Venue:             Conference Hall, Centre for Policy Research, Dharma Marg, Chanakyapuri, New Delhi 110 021

 

The presentation is based on joint work with Nida Rehman. Urban river projects have gained prominence in planning and landscape design, demonstrating disparate concerns, approaches and results: ecological restoration to tourism development, from large-scale redesign to urban acupuncture strategies. Based on original project documents and interviews, we present a detailed comparative account of two urban river initiatives -- the work of the River Ravi Commission in Lahore and the ongoing Sabarmati Riverfront Development in Ahmedabad -- examining the diverse and contested terrain of urban sustainability practices. The state-driven Sabarmati project aims to revitalize the urban context by a large-scale redevelopment of the water’s edge, the Ravi Commission, formed in 2012, through citizen and legal activism, articulates rampant water pollution as a violation of fundamental human rights and seeks to restore the river’s natural ecology.

Moving outwards from these sites of ‘landing’, we trace temporal and spatial links to divergent trajectories of planning ideas, from globalized images of riverfront public spaces to human rights discourses. Using examples of urban river projects demonstrating a variety of approaches, we highlight different ways in which local aspirations and operations are entangled with transnational discourses on urban sustainability.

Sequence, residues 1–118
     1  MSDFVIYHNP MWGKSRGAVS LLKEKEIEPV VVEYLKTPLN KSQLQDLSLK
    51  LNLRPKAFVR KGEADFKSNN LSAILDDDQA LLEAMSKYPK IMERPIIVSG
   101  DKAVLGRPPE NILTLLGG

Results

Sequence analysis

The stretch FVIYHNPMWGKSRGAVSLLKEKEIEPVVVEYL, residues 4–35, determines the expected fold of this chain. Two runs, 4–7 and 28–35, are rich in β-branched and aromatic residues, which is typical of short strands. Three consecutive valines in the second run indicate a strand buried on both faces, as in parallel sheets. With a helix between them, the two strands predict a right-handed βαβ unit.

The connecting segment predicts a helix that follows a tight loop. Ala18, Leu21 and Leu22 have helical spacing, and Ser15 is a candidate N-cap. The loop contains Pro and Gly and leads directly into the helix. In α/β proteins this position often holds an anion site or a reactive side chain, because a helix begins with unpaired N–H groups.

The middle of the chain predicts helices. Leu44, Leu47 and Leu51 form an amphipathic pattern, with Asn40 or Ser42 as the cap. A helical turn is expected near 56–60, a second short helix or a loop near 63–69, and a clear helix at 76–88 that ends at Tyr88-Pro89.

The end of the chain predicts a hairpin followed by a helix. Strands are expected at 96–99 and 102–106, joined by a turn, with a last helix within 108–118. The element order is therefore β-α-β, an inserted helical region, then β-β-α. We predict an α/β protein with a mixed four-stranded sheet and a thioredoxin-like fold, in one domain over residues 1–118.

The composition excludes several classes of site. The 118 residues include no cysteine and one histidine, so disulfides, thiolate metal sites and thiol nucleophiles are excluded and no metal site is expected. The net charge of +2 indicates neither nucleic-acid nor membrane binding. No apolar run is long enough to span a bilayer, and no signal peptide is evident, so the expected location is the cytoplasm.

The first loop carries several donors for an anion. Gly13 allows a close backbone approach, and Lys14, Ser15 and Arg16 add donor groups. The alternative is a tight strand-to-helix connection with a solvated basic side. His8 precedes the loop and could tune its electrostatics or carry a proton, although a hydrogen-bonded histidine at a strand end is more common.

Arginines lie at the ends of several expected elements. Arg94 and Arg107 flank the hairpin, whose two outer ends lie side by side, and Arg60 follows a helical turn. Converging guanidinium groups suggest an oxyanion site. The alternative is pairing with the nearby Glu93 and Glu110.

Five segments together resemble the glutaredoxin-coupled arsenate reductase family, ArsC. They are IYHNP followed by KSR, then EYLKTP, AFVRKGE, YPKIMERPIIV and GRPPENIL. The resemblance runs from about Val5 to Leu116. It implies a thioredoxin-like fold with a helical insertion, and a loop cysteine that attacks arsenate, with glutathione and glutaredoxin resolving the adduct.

Nida Rehman is a Visiting Assistant Professor in the Department of Architecture at the Pennsylvania State University where her teaching covers topics in urban history, architecture theory and design. Her current research projects include a PSU funded study of the dispersal and development of late 19th century garden ideas in urban sites in British India, and an examination of urban river projects in South Asia. She holds a Masters of science in architecture and urbanism from MIT and a professional degree in architecture from Cornell University. She has practiced and taught architecture in the United States, Pakistan and the United Arab Emirates.

Aparna Parikh is a doctoral candidate in the Departments of Geography and Women’s Studies at the Pennsylvania State University. She has completed her B.Arch from Kamla Raheja Vidyanidhi Institute for Architecture, Mumbai, and M.Arch from Penn State. She has currently received a Dissertation Proposal Development Fellowship (DPDF) through the Social Science Research Council, and is a former recipient of the University Graduate Fellowship, Penn State and the Kamla Raheja Foundation Fellowship. Her current research focuses on the urban impact of call centres.

This is the fifty second in a series of Urban Workshops planned by the Centre de Sciences Humaines (CSH), New Delhi and Centre for Policy Research (CPR). These workshops seek to provoke public discussion on issues relating to the development of the city and try to address all its facets including its administration, culture, economy, society and politics. For further information, please contact: Jayani Bonnerjee at jayani.bonnerjee@csh-delhi.com, Partha Mukhopadhyay at partha@cprindia.org or Marie-Hélène Zerah at marie-helene.zerah@ird.fr